There has been no impact on underage drinking as a result of minimum unit pricing in Scotland, a study has found.
Under-18s reported no change in their behaviour or ability to obtain alcohol despite potential price rises.
The NHS Scotland study is the first to look at underage drinking in Scotland since the minimum unit policy (MUP) was introduced in May 2018.
Interviews with 50 drinkers aged between 13 and 17 revealed there was no impact – positive or negative – on their consumption habits once the minimum unit price of 50p came into force.
The report states many of the drinks favoured by young people were either not affected by the price change or the increased cost was not a barrier to them accessing alcoholic drinks. It found the price of alcohol was not seen as a key factor in their drinking behaviour and the interviewees said minimum unit pricing had not changed what they drank, how much they consumed and how they got their hands on alcohol.
Jane Ford, NHS Health Scotland’s principal public health intelligence adviser, said the study helped to understand the drinking behaviour of young people in Scotland – an area where little evidence exists.
But Alison Douglas, chief executive of Alcohol Focus Scotland warned: “This study provides a unique – and concerning – insight into the lives of a group of teenage drinkers and shows that the cost of alcohol is only one factor in their alcohol consumption.
“The apparent ease with which these young people are able to acquire alcohol raises serious questions about enforcement of existing licensing legislation and age-verification arrangements which are there to protect young people.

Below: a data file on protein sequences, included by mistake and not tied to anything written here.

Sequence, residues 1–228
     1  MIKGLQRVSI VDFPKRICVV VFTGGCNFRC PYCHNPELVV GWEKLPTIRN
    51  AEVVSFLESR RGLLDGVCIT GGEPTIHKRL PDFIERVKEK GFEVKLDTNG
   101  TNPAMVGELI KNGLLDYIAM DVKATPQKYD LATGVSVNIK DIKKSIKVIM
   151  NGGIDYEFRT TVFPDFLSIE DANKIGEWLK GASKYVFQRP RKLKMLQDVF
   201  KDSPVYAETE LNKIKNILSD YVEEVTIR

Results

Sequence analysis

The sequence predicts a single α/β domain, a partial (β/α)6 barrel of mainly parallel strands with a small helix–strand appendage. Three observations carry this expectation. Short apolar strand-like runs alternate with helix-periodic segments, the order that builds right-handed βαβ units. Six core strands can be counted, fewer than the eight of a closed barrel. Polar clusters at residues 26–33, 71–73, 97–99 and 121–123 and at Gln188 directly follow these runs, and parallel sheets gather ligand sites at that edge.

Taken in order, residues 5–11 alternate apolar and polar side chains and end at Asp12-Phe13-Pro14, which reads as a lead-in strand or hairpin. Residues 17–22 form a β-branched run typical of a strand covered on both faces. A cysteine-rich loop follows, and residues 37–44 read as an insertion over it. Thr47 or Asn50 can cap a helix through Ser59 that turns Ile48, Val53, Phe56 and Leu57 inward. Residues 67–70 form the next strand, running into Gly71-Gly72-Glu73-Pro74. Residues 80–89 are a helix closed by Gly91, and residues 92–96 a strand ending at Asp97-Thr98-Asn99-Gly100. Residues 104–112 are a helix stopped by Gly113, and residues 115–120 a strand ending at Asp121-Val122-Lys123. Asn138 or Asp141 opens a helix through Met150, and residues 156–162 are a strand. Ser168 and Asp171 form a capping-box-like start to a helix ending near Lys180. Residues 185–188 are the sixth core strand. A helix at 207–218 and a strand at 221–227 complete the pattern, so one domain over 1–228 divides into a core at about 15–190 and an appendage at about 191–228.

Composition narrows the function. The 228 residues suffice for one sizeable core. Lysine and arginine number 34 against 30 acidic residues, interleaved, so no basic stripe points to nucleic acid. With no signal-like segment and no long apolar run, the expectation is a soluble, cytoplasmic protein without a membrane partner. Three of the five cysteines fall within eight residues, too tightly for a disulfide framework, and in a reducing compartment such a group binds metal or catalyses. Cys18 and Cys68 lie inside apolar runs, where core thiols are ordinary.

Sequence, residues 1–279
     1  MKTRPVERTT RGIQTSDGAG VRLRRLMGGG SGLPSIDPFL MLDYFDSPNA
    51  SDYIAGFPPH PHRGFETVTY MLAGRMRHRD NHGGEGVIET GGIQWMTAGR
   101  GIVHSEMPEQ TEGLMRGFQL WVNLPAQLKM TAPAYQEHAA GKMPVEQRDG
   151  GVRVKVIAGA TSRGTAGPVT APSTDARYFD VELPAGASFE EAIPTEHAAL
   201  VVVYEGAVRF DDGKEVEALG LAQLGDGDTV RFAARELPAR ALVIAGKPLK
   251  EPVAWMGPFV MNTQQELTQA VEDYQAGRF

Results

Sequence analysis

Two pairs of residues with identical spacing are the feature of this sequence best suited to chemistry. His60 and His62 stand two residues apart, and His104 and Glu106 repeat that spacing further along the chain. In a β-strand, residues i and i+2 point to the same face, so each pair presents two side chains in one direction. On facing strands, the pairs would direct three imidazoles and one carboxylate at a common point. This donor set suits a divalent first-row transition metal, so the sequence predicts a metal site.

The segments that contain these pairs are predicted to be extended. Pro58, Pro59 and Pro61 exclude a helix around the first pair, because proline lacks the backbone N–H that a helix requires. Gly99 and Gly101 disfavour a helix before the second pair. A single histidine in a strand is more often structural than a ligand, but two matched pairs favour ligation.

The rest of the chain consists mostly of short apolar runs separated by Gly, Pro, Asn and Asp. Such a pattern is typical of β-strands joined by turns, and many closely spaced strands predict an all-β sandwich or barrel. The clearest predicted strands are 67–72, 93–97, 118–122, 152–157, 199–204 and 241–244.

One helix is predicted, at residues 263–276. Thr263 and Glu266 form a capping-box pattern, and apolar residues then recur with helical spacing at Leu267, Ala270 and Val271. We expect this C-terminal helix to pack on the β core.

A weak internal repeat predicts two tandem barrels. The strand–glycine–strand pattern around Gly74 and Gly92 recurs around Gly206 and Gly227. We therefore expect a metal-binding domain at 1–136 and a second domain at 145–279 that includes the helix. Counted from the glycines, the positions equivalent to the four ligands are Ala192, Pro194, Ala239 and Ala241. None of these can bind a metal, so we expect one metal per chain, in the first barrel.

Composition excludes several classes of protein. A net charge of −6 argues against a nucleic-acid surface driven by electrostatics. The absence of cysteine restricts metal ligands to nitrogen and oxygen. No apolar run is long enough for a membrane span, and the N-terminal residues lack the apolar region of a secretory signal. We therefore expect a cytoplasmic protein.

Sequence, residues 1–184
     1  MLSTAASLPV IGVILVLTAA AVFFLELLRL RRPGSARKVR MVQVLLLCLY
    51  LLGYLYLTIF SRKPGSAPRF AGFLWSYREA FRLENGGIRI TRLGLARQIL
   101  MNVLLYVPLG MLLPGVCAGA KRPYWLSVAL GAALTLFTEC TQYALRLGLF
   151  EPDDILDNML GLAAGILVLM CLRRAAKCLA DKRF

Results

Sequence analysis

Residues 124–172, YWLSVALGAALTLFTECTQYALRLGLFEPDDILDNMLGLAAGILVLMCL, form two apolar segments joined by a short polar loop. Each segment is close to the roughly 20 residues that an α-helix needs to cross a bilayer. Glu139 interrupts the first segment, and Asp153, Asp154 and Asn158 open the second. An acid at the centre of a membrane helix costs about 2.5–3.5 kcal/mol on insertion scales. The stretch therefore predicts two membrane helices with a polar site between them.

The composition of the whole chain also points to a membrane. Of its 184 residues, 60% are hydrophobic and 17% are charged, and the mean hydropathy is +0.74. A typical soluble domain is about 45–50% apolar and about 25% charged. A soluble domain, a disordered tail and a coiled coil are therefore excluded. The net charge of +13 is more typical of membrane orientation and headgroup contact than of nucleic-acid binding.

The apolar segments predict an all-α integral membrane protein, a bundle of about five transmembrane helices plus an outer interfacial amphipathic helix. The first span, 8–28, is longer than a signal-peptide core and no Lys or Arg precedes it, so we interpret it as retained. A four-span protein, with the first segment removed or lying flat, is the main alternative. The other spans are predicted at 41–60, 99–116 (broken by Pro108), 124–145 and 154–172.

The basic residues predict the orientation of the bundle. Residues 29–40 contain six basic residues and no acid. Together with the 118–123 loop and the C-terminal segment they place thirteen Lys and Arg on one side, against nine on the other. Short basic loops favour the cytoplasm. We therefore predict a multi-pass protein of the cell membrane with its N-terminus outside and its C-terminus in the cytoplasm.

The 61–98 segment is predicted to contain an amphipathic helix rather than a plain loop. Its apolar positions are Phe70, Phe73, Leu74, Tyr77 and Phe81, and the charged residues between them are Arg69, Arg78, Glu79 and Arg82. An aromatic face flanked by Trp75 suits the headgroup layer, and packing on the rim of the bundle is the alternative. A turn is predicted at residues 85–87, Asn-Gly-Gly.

“It is also deeply worrying that adults are regularly providing under-18s with drink, despite the potential effects of alcohol on brain development and on young people’s wider mental and physical health.
“Parents and carers need to be made aware of the risks and the Chief Medical Officer’s advice not to drink alcohol before the age of 18.
“The research also points to many of the products favoured by these young people as already costing more than 50p per unit, before MUP was introduced. We also know that brands are important to children and young people whether we’re talking about clothes and trainers or indeed alcohol. More needs to be done to address the attractiveness of alcohol by controlling alcohol marketing.”
The survey was carried out by Iconic Consulting. The body’s director Ian Clark said: “Overall our findings suggest that the introduction of MUP had limited impact on the alcohol consumption of the children and young people participating in this study, and no reported impact on their related behaviour.”
“This study provides an important understanding of the wider context surrounding those young people’s experiences with alcohol – and it is clear that price is only one factor in the often challenging life circumstances of young people who drink.”
Responding to the study, public health minister Joe FitzPatrick said: “Initial national sales data for 2018 has already shown an overall 3 per cent drop in sales of pure alcohol per adult ... we want to go further to protect our children and young people from alcohol harms and that is why I intend this year to consult on potential mandatory restrictions on alcohol marketing and advertising. Scotland will be the first of the UK nations to do so.”